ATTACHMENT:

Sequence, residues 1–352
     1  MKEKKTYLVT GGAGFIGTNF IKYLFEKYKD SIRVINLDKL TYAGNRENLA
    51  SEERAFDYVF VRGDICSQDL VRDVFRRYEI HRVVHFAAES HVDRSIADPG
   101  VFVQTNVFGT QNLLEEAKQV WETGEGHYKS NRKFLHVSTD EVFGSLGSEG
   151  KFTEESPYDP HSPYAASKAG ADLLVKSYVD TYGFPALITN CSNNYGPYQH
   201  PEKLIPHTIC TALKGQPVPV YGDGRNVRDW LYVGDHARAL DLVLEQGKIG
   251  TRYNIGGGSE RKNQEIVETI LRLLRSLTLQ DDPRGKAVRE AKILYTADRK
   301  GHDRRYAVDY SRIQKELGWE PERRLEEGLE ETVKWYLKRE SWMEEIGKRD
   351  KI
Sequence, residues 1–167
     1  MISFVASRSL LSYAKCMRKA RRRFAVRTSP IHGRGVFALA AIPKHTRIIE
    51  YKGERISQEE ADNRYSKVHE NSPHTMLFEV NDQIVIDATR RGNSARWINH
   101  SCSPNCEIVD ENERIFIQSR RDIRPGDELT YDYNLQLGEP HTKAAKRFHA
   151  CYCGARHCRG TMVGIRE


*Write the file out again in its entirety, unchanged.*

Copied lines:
Sequence, residues 1–352
     1  MKEKKTYLVT GGAGFIGTNF IKYLFEKYKD SIRVINLDKL TYAGNRENLA
    51  SEERAFDYVF VRGDICSQDL VRDVFRRYEI HRVVHFAAES HVDRSIADPG
   101  VFVQTNVFGT QNLLEEAKQV WETGEGHYKS NRKFLHVSTD EVFGSLGSEG
   151  KFTEESPYDP HSPYAASKAG ADLLVKSYVD TYGFPALITN CSNNYGPYQH
   201  PEKLIPHTIC TALKGQPVPV YGDGRNVRDW LYVGDHARAL DLVLEQGKIG
   251  TRYNIGGGSE RKNQEIVETI LRLLRSLTLQ DDPRGKAVRE AKILYTADRK
   301  GHDRRYAVDY SRIQKELGWE PERRLEEGLE ETVKWYLKRE SWMEEIGKRD
   351  KI
Sequence, residues 1–167
     1  MISFVASRSL LSYAKCMRKA RRRFAVRTSP IHGRGVFALA AIPKHTRIIE
    51  YKGERISQEE ADNRYSKVHE NSPHTMLFEV NDQIVIDATR RGNSARWINH
   101  SCSPNCEIVD ENERIFIQSR RDIRPGDELT YDYNLQLGEP HTKAAKRFHA
   151  CYCGARHCRG TMVGIRE